Jobless growth

Growth with employment opportunities is important to sustain upswing in the GDP for a developing economy like India.

With working age population expected to increase by 1.3 million every month due to rising population and high share of young population in it, 8 million jobs would needed to be created every year.

As employment rates are much below the GDP per capita, increase in working age population to total population by 0.5% only, compared to decrease in employment rate by 1.5% and increasing labor productivity due to structural transformation, they showcase insufficient increase in creation of jobs.

Male employment rate decreased very little compared to female employment rate that decreased by 5% that explains inequality in distribution of jobs in the market.

The increased share of public sector employment in the total employment growth is not healthy for the Indian economy due to limited government revenue and large fiscal account deficit. Current account too is of little help with rising oil prices and growth in imports surpassing growth in exports resulting in high trade deficit. Though increasing remittances, strong FDI inflows, depreciation in nominal exchange rate and GST revenues are expected to reduce pressures on the current account deficit, thus support in creating employment opportunities for the masses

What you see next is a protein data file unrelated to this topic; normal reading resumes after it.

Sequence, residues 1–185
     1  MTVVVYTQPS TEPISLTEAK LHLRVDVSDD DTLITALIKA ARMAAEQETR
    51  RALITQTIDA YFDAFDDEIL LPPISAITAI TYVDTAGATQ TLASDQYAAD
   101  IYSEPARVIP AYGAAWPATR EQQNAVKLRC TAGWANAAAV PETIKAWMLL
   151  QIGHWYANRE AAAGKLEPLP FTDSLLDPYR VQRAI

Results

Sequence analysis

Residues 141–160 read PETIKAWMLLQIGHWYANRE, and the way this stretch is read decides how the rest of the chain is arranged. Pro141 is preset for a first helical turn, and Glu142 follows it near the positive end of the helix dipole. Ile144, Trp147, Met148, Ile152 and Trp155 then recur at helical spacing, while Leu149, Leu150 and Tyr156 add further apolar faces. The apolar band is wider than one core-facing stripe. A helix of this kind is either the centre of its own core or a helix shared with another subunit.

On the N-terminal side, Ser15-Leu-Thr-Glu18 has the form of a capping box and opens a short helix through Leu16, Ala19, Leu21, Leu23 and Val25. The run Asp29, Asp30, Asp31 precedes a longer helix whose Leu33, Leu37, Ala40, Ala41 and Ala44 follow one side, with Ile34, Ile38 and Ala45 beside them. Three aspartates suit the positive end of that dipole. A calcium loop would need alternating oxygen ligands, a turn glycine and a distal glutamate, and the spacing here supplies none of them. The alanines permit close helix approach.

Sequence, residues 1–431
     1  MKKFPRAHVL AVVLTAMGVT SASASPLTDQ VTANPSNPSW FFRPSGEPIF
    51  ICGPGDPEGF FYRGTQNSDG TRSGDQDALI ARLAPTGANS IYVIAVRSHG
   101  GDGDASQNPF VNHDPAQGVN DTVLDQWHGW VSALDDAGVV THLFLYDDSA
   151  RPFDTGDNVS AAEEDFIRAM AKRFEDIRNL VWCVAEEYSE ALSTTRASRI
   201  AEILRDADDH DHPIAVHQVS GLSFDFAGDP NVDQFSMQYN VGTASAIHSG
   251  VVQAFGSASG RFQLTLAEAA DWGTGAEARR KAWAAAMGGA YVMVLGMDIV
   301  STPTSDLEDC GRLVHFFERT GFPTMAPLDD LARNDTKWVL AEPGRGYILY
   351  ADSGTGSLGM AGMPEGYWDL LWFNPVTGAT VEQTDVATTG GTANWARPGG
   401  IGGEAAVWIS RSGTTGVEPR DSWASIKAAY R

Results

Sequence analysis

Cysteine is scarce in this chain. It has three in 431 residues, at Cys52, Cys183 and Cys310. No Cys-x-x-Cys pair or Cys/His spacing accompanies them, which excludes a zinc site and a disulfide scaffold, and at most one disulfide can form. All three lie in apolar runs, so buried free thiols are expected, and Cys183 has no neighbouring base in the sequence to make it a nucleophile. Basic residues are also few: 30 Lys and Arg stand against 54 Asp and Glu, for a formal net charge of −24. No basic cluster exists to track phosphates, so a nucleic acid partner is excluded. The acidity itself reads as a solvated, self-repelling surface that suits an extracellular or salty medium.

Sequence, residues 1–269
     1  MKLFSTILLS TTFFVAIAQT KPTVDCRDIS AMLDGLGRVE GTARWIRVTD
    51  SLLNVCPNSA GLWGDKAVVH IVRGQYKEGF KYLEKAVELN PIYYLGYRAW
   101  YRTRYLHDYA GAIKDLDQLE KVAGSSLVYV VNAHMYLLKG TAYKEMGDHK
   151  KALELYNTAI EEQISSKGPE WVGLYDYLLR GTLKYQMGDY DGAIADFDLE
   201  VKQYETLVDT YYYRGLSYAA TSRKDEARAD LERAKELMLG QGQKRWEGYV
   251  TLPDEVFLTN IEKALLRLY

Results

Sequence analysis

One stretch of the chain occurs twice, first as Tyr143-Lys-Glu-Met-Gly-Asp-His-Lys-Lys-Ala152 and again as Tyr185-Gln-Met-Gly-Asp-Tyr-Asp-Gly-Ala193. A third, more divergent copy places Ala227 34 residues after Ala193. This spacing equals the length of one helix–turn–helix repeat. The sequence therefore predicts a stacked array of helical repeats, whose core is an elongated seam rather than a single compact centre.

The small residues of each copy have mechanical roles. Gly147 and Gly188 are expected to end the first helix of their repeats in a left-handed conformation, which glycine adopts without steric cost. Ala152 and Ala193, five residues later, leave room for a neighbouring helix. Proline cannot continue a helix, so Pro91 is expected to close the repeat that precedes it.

As global stock market prices correlate highly with Indian stock market, India might experience slow growth in employment rate because of high unemployment rate in US.

Although reduced dependency ratios in the country are a positive sign for the economy, since it represents the willingness of the population to work. Industrial production growth was also seen as strong but unstable with manufacturing and services sectors showing signs of growth after a long time, depicting an improvement in the employment rate.

It is forecasted that the unemployment rate would average at around 3.5% while the GDP growth rate is in the range of 7-7.5%.






Unemployment Rate





GDP Growth rate






It is widely believed that investment in infrastructure and greater integration with global markets could lead to job creation opportunities.

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